precision mapping

for fruit production

Data Scientist Joins Farm Vision Technologies

Authored by


Scott Erickson
May 21, 2021

Farm Vision Technologies, Inc. is expanding its capabilities to bring new data tools to growers of tree fruit crops. Dr. Tina Karimi joins the St. Paul, Minnesota ag tech company as senior data scientist to bring focus to analytical processes and to help convert data into solutions that growers can use.

The company offers easy-to-use smartphone tools to capture fruit count, size and location data that are turned into growth rate information for fruitlet thinning, as well as harvest estimates for a wide range of orchard management decisions.

Dr. Karimi earned her graduate degrees at Washington State University in Land, Air, Water Resources and Environmental Engineering. She most recently completed post-doctoral research at Cornell University.

"Farm Vision is an agricultural tech company that is pushing the boundaries of agricultural research and development to help farmers improve management strategies that result in valuable decisions and reduced costs," said Dr. Karimi. "I'm excited to help take the company's sophisticated techniques for computer visioning in fruit and vegetable production to a next level of application."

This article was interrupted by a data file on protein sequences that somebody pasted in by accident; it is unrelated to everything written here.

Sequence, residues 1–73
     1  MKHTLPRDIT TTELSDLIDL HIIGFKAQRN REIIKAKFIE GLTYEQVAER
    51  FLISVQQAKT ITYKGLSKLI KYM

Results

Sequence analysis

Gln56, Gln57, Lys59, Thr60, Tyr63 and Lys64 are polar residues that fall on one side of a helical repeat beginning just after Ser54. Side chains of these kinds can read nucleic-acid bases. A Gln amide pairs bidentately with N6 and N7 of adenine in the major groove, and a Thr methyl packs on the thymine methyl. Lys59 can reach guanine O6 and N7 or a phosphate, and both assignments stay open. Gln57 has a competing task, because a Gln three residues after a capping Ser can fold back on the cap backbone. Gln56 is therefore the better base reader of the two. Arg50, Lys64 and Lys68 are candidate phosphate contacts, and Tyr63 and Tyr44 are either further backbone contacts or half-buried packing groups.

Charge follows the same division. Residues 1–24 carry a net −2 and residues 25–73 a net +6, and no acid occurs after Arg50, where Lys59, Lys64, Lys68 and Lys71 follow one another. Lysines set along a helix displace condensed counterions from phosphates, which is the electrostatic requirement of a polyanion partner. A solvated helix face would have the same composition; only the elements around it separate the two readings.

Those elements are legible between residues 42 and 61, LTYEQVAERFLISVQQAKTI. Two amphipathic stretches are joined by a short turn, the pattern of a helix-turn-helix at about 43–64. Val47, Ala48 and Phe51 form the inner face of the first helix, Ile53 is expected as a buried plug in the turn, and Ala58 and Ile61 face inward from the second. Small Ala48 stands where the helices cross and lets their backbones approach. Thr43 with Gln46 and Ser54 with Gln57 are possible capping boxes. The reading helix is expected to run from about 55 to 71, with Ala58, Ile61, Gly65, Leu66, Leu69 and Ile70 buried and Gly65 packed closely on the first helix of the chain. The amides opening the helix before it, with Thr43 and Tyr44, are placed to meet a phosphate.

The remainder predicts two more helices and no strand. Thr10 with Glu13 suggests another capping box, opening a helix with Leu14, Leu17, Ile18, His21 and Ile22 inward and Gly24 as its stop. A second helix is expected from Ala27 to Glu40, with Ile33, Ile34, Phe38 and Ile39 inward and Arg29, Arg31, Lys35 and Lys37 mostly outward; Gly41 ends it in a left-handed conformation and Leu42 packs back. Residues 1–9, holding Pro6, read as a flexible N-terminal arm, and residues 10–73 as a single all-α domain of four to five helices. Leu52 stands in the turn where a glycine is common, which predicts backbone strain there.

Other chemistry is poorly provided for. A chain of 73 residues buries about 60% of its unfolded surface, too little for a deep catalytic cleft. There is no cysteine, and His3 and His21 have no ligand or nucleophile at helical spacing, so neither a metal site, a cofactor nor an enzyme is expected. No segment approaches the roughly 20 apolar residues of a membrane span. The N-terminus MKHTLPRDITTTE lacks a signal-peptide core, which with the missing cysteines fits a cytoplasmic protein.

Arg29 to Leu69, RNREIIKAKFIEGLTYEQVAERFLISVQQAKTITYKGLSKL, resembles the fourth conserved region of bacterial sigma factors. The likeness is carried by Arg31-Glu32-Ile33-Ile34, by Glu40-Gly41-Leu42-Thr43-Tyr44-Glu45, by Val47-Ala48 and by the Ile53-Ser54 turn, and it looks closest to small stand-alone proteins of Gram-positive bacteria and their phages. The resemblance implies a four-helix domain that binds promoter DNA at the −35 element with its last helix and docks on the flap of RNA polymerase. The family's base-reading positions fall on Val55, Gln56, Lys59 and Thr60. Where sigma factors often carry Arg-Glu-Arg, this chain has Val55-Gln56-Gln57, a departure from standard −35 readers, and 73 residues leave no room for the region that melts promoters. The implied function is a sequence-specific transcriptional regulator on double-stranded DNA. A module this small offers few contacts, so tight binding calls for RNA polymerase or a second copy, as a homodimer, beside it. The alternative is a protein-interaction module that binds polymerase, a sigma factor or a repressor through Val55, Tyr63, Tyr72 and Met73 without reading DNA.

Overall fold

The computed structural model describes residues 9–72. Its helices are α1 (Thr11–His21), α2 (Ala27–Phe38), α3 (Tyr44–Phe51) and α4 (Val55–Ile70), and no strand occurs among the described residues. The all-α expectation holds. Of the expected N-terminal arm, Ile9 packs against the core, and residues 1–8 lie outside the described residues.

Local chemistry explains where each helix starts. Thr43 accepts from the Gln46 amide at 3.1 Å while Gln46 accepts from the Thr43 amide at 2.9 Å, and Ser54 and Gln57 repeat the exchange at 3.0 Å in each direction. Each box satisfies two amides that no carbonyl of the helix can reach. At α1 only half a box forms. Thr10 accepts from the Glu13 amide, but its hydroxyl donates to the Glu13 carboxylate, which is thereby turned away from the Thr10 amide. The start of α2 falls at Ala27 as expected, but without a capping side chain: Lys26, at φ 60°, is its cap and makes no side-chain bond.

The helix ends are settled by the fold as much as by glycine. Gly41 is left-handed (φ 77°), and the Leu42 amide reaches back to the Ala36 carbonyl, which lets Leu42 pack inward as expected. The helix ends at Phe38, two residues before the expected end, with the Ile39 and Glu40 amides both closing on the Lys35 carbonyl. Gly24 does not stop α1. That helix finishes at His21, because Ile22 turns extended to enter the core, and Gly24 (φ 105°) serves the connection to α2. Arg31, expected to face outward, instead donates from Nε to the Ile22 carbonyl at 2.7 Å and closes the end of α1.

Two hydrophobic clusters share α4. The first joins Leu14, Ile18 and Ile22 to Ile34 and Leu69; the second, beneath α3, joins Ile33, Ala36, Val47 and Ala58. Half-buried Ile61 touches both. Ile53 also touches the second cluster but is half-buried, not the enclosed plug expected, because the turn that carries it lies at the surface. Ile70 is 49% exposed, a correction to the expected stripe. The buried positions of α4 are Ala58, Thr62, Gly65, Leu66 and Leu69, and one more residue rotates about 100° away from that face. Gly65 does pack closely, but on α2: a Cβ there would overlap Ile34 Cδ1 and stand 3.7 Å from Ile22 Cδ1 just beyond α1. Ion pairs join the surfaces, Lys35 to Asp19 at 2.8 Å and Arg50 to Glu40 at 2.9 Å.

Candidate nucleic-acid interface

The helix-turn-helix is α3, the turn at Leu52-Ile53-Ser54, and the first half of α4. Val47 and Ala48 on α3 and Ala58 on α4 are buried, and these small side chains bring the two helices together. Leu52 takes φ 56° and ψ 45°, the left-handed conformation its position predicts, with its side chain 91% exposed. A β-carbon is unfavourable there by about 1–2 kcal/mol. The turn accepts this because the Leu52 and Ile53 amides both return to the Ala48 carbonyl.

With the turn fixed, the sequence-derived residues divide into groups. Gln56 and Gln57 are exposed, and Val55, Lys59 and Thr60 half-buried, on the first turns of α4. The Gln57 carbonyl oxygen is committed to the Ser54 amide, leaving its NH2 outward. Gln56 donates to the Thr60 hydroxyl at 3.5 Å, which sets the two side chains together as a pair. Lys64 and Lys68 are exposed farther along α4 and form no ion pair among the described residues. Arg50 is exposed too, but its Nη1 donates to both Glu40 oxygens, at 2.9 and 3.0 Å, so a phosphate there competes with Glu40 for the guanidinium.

According to Farm Vision CEO and co-founder, Dr. Patrick Plonski, the company is strategically adding expertise that growers will benefit from. "Farm Vision's tools are state-of-the-art at data collection. To provide commercial value to fruit producers, we also need to be leaders at turning data into useful information. Tina's expertise in data science and engineering, in the context of today's agriculture, helps us address this second part of the problem. It’s great to have her onboard."

Farm Vision Technologies began at the University of Minnesota and incorporated in 2017. Since then, the company has been conducting field trials and commercial activities with its computer visioning system with fruit growers in the states of California, Washington, Minnesota, Wisconsin, Michigan, New York and Florida, as well as in orchards in Chile, Australia and New Zealand. The company plans to launch its fruitlet thinning tool commercially later this year. It will be the first smartphone-based technology for growers to easily monitor fruitlet growth rates on a large scale in the orchard.